No, [Insert Athlete Here], You Can't Act

The other day on the news, I heard that Ryan Lochte—you know, dopey, disgraced Ryan Lochte—wants to be…get ready for it…an ACTOR! How Hollywood managed to thrive without him gracing the silver screen is absolutely beyond me. 

Nope. Nope. Nope. Nope. 

I’ve heard this story a countless number of times. Athletes who, for one way or another are now ‘former’ athletes, step their toe into the acting world and declare that is what they wanted to do all along. 

“I’m now an Olympic Gold Medalist in Gymnastics! I wanna be an actress now!” 

Can you image if it were the other way around? Meryl Streep gets up on the Oscar stage accepting her millionth statue, and instead of thanking her agent and manager she simply says, “Well, now that I have another one of these, I want to be an Olympic Gymnast!” That would be weird, right? And a bit insulting to gymnasts?

Look, I get it, acting is fun, and the idea of being a ‘celebrity’, I’m sure, is appealing to people who want to remain in the spotlight—like retired athletes. But to be a good actor is not so easy. I’m not saying it’s more difficult than swimming a butterfly or performing a perfect vault, but you can’t just walk on set or stage and expect magic to happen. 

I’m not going to be all high and mighty and ignore the fact that Space Jam is one of my favorite childhood movies. Hell, Lola Bunny is my go-to Halloween costume! But Michael Jordan didn’t say he wanted to be an actor, he was just asked to do it. He did try to make the switch to baseball, though, and look how well that worked out!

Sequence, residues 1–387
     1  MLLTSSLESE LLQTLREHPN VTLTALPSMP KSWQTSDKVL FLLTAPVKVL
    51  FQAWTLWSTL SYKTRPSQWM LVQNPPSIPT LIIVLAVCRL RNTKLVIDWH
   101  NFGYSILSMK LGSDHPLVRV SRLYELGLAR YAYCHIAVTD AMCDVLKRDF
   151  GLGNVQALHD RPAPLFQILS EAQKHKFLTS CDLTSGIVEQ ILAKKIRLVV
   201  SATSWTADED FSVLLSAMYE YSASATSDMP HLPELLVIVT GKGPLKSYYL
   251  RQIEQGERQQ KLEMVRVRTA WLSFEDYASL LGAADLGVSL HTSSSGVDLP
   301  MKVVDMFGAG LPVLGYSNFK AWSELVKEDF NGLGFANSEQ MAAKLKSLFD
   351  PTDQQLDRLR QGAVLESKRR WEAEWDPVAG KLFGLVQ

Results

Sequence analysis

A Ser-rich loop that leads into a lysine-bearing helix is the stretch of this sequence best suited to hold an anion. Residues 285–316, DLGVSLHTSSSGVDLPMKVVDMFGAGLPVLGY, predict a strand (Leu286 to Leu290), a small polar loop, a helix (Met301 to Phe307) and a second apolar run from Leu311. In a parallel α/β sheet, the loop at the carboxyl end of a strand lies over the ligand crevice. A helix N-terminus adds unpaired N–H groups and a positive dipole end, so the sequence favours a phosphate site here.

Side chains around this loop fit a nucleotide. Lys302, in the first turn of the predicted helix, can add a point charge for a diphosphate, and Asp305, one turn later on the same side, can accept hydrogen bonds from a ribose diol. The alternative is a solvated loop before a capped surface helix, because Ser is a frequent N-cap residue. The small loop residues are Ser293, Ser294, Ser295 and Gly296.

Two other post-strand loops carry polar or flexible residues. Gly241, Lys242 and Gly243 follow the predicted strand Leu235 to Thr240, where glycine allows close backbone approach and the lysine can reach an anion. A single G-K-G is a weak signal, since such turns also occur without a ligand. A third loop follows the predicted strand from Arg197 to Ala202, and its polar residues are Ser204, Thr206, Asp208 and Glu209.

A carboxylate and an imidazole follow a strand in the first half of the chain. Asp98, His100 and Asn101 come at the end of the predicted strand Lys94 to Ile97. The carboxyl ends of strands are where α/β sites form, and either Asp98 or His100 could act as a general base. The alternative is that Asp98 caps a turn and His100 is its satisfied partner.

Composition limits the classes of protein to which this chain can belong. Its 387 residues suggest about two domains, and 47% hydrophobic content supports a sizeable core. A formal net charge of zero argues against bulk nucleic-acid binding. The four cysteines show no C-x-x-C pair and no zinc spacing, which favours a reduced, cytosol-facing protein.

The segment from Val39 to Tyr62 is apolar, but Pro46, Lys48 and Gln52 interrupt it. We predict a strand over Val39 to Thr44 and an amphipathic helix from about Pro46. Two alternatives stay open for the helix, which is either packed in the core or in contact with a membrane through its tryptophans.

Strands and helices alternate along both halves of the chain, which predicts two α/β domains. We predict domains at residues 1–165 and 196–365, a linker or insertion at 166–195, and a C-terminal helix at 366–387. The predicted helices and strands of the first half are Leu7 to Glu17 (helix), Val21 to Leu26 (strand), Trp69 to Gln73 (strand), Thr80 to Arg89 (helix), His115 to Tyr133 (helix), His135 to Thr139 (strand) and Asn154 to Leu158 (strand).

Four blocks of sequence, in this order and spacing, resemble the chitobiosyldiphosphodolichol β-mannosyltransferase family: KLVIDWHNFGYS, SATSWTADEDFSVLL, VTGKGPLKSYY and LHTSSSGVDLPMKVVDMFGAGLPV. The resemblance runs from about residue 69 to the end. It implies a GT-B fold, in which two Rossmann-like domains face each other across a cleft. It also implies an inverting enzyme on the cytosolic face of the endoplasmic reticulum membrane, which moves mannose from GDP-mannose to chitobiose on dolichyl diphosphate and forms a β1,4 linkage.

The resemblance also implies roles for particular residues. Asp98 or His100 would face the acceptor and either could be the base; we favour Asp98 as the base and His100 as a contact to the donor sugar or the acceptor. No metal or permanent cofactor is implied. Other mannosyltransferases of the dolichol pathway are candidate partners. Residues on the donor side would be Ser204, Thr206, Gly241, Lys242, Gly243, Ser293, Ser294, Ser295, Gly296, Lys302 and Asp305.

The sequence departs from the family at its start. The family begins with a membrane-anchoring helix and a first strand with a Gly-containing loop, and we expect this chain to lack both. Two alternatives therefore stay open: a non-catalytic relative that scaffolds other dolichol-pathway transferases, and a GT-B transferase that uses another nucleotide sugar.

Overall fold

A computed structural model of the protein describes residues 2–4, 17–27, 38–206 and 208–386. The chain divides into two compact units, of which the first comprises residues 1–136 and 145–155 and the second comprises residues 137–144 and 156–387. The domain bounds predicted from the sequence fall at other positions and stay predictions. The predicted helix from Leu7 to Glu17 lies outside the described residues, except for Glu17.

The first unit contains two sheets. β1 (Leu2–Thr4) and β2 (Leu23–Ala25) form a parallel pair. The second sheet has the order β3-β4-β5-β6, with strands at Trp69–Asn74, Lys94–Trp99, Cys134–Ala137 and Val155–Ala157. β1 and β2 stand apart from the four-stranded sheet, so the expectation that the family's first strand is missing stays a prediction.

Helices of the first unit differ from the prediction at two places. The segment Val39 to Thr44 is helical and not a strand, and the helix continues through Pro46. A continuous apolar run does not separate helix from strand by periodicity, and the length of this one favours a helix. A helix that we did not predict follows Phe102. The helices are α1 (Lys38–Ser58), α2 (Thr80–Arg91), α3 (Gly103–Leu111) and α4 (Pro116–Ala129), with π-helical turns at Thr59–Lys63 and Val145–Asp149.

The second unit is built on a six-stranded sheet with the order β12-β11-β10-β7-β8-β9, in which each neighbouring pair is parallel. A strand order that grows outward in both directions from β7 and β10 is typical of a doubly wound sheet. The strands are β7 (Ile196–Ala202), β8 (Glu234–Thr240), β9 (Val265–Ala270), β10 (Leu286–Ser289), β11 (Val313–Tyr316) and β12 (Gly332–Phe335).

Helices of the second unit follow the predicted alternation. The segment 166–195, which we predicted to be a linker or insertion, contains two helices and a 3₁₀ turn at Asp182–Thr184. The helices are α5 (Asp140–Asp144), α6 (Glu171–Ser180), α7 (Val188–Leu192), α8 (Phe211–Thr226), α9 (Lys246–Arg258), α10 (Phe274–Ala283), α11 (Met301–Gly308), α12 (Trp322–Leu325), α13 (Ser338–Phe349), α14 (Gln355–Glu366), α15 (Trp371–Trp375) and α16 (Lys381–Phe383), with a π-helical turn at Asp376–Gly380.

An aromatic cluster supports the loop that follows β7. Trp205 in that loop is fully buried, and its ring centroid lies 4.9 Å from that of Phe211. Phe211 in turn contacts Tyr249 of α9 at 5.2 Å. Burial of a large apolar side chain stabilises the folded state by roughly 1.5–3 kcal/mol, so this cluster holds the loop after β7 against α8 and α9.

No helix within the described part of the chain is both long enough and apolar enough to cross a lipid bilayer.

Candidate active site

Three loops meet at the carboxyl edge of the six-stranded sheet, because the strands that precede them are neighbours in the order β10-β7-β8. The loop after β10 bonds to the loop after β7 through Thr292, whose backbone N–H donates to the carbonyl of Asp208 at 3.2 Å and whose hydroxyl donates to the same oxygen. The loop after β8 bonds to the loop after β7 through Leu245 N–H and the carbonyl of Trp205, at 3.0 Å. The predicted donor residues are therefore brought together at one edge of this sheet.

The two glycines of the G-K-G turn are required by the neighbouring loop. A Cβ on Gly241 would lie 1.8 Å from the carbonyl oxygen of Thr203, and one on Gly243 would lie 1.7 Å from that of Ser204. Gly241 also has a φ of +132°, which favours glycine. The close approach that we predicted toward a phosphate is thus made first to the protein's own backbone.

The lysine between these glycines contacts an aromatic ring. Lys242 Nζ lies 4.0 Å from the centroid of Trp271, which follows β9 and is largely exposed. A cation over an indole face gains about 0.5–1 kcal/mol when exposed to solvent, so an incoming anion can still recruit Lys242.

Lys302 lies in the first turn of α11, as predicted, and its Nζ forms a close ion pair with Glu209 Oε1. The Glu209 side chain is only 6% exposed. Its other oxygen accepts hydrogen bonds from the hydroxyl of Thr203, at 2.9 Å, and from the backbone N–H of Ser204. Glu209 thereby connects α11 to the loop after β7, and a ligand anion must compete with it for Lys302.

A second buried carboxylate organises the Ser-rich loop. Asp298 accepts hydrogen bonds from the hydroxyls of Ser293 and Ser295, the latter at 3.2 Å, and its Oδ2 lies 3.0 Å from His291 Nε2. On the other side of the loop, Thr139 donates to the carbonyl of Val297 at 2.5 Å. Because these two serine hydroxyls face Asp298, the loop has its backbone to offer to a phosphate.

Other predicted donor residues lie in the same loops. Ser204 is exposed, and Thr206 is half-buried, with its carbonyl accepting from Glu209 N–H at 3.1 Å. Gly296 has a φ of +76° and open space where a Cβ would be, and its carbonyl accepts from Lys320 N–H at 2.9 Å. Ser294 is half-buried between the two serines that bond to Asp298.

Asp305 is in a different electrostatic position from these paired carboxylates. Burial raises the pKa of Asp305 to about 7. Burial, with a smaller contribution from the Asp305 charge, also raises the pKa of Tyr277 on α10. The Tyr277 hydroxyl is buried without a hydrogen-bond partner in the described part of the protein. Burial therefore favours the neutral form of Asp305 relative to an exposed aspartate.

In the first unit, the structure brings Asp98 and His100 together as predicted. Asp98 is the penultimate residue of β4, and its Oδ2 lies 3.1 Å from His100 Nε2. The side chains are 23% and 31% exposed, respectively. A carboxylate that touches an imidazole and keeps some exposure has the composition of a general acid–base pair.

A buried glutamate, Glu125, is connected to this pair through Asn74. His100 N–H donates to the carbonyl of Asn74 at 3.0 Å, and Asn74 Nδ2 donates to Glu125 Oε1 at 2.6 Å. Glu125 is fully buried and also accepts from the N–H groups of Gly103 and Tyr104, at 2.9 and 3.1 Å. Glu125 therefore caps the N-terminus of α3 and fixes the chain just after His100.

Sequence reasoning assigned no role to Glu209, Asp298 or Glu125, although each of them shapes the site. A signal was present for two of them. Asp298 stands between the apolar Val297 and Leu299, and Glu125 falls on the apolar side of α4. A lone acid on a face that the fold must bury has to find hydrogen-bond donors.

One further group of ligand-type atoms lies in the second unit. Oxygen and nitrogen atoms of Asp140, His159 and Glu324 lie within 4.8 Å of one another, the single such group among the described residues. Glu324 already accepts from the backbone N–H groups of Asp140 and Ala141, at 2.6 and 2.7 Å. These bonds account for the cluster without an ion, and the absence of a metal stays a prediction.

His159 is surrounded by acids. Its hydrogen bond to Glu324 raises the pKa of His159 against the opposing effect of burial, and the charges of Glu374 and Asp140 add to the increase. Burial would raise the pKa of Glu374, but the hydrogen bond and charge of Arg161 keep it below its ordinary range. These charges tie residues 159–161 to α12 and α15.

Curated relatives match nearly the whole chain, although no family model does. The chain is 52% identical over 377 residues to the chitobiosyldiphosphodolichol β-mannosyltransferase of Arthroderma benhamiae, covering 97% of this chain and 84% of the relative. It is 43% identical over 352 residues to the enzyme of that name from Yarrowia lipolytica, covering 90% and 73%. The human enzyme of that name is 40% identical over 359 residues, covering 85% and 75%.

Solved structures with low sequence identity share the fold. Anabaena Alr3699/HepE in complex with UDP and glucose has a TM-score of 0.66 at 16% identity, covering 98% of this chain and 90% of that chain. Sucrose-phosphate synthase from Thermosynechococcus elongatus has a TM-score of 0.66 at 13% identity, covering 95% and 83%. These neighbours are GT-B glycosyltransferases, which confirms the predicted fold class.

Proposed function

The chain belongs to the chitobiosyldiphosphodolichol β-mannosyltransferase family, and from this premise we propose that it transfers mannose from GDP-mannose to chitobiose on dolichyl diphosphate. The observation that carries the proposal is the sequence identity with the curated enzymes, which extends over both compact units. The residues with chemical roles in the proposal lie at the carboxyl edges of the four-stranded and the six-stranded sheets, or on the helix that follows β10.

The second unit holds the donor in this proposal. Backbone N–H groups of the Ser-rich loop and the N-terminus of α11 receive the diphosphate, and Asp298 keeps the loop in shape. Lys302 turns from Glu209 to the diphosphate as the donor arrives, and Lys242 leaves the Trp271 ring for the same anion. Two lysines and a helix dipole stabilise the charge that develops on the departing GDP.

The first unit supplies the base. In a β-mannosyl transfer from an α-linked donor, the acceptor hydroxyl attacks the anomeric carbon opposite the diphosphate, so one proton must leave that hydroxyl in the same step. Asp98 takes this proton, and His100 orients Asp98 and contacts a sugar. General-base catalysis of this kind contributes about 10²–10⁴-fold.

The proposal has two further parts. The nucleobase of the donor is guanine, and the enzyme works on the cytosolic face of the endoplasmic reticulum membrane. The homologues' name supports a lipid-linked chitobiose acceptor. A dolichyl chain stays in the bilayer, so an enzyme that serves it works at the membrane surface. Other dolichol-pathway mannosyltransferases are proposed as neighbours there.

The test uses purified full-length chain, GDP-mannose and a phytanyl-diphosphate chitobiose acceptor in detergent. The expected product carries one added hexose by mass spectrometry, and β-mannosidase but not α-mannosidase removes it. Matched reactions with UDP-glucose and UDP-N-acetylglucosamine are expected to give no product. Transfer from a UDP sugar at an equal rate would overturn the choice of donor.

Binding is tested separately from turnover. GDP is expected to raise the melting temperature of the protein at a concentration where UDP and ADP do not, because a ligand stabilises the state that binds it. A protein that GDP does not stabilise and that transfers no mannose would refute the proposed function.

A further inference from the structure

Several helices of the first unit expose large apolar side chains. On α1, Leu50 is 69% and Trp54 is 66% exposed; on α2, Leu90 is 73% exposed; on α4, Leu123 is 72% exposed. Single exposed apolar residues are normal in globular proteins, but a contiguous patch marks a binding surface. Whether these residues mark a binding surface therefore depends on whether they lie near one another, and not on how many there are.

Can people be multi-talented? Absolutely! But for anyone who has read Outliers, you know the 10,000 hour rule. It takes ten thousand hours to be a master at anything. Professional athletes are professional athletes because they’ve achieved those ten thousand hours; they started when they were young! Just like the best actors out there have worked on their craft for the same amount of time. It’s difficult to jump ships without the practice. 

The sad thing is, people will buy it. People will watch Ryan Lochte on TV because he’s marketable, because he’s already famous and has a following, regardless of talent. 

But let’s be real here, he was hardly convincing as the victim of a robbery in Rio…I’m not sure acting is really his calling..

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